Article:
DMing a game can be a rewarding and fulfilling experience. My first campaign had its ups and downs, but I learned a lot from it. I asked Trevor a while back if I could write a guest post on his blog about this experience, and he was all for it. So, here we go!
First, a little introduction to my game. I started out with book one of the Wrath of the Righteous adventure path from Paizo, using the Pathfinder system. My plan was to run the first book, and if everyone liked it, continue with the AP. As most sessions go, that is not what happened! After the first book was a success, I purchased the second and realized I hated where the AP was taking the story. So, now that I felt comfortable enough to do it, I began fleshing out my own story using the same basic plot- kill demons.
Now, it should be noted that this was not an ordinary AP- it took the characters from level 1-20 AND by the end of the campaign, the PCs would have earned 10 mythic tiers as well. I thought that adding the tiers would be fun for the players and would make for some really epic boss fights- which turned out to be a correct assumption. However, if any of you have dabbled in mythic tiers, you know that they are absolutely clownshoes and can make a normally challenging encounter easy peasy.
In the end, I don’t regret giving my players the mythic tiers- it definitely made me grow and learn as a DM more than a normal 1-20 level progression would have. However, it is something I DO NOT recommend doing for your first game! It requires a lot of extra effort for each session (especially if your players maximize), and in my opinion, is not really worth the hassle unless you are super serious about the game.
So I think that’s enough backstory! Without futher ado, here are my biggest lessons learned as a first-time DM.
1) Read the rules. Read them again. Seriously, this is first on the list for a reason. You cannot expect to run a fluid, fun campaign if you have no idea what your NPCs, bosses, and PCs are doing. For example, mythic tiers grant characters the ability to surge, which basically adds a 1d6/d8/d10 to a d20 roll. You can perform this as an immediate (once a round) action. We all briefly skimmed over this because everyone at the table thought they knew how it worked… and realized during one of the last sessions that we were wrong! Somehow, the immediate action rule had escaped all of us, so we were surging whenever and multiple times. Had I been more diligent with reading, this would not have been a problem. Now, I’m not saying you have to know how every single thing works, but you should be familiar with the class mechanics of your players and NPCs, and the feats/traits they take.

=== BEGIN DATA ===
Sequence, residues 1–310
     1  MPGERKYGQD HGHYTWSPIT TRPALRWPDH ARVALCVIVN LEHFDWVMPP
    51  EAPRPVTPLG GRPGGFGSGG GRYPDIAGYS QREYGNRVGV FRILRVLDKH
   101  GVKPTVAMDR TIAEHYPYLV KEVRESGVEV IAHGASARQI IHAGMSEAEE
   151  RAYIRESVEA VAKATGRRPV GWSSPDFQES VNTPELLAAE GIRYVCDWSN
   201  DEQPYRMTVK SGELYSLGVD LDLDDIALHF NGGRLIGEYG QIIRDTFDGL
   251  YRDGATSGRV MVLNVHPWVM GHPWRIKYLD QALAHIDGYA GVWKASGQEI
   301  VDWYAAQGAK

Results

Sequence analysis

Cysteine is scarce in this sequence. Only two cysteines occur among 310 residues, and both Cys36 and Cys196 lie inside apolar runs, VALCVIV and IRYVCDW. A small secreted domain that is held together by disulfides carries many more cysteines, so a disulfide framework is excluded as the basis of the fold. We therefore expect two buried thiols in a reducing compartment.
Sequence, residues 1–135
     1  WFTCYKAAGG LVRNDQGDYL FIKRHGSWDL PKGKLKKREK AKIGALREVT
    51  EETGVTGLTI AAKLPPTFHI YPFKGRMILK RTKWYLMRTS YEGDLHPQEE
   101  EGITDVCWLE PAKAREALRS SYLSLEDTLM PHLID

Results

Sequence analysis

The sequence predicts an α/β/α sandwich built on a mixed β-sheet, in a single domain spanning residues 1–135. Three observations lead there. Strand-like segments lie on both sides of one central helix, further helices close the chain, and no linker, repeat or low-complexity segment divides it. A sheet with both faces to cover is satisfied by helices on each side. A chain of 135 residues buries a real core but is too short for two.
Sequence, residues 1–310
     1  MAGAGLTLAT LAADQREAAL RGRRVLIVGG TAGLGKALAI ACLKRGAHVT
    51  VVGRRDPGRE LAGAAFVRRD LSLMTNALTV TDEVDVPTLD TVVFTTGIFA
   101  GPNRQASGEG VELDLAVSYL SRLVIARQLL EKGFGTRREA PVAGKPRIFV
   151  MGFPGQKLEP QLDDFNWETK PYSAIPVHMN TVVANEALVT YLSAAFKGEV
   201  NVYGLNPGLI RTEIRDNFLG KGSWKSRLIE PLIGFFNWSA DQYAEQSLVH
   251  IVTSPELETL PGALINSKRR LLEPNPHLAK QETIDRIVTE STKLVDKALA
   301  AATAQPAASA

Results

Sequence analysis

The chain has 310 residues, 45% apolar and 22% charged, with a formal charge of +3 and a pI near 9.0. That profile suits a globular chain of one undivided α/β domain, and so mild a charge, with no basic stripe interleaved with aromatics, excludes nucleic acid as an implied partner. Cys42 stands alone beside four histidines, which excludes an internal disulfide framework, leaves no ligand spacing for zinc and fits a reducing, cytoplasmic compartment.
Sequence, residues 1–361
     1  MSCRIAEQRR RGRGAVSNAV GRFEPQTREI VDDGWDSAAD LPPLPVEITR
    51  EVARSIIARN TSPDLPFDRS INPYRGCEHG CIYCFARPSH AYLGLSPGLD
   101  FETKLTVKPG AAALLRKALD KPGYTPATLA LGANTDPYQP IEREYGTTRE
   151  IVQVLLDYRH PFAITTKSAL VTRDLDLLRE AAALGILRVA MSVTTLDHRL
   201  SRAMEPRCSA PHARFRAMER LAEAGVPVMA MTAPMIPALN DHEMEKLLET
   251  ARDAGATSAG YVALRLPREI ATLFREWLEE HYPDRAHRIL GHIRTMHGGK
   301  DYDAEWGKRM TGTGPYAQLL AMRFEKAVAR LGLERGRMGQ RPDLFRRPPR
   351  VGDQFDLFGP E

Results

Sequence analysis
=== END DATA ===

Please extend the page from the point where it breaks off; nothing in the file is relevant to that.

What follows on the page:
2) Mistakes happen. This is a given. Even the most knowledgeable player/DM is going to make mistakes- especially when you have 20 levels and 10 mythic tiers to keep track of! When these things happen with players, it’s best to just get it right the next time and let it slide. As a DM, it’s best to err on the side of the players and correct it retroactively if need be.
3) Plan for your players. If you have a table full of wargamers, get ready for some combat-heavy sessions. If you have a lot of role-players, brush up on your improv. In my group, I had a balance of both. Admittedly, I tend to lean more towards combat, mainly because I discovered I have a real knack for boss encounters. However, I was able to step out of my comfort zone and RP for the players that wanted more character development and story details. Talk to your players, find out what they gravitate towards, and plan accordingly.
4) Boss battles don’t have to be boring. I LOVE making encounters with the big bad. Since my players were maximized and mythic, it opened the door for some really intense boss battles. Now I know some DMs tend to dislike these types of battles because they tend to take up a lot of time, and are generally boring because it’s just a lot of dice rolling and math. Things like terrain and environment can help, but the way to take your battles to the next level is by thinking outside of the box. I could actually do a whole blog post just on making encounters! But until then, here are a few things:
4.a) Make sure it isn’t all hack n’ slash. One of our most memorable fights was a shadow demon who summoned minions and transferred between them. The battle took all night, but surprisingly, no one was bored out of their minds! It was awesome because my players had to actually talk to each other about strategies and work together to figure out how to take this guy down.